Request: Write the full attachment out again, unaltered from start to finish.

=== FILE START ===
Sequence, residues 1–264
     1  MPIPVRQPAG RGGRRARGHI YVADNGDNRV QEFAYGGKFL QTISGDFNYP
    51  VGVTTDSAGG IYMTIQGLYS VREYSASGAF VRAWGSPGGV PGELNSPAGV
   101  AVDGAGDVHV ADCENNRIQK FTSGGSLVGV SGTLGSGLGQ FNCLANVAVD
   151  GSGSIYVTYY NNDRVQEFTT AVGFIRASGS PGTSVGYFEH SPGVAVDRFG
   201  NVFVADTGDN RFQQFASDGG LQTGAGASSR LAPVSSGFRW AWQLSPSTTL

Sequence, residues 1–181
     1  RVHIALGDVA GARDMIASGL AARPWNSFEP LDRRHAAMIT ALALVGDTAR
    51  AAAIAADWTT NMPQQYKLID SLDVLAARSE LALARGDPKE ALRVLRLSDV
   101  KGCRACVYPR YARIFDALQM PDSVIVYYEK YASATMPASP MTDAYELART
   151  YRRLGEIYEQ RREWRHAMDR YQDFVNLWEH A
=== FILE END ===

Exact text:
Sequence, residues 1–264
     1  MPIPVRQPAG RGGRRARGHI YVADNGDNRV QEFAYGGKFL QTISGDFNYP
    51  VGVTTDSAGG IYMTIQGLYS VREYSASGAF VRAWGSPGGV PGELNSPAGV
   101  AVDGAGDVHV ADCENNRIQK FTSGGSLVGV SGTLGSGLGQ FNCLANVAVD
   151  GSGSIYVTYY NNDRVQEFTT AVGFIRASGS PGTSVGYFEH SPGVAVDRFG
   201  NVFVADTGDN RFQQFASDGG LQTGAGASSR LAPVSSGFRW AWQLSPSTTL

Sequence, residues 1–181
     1  RVHIALGDVA GARDMIASGL AARPWNSFEP LDRRHAAMIT ALALVGDTAR
    51  AAAIAADWTT NMPQQYKLID SLDVLAARSE LALARGDPKE ALRVLRLSDV
   101  KGCRACVYPR YARIFDALQM PDSVIVYYEK YASATMPASP MTDAYELART
   151  YRRLGEIYEQ RREWRHAMDR YQDFVNLWEH A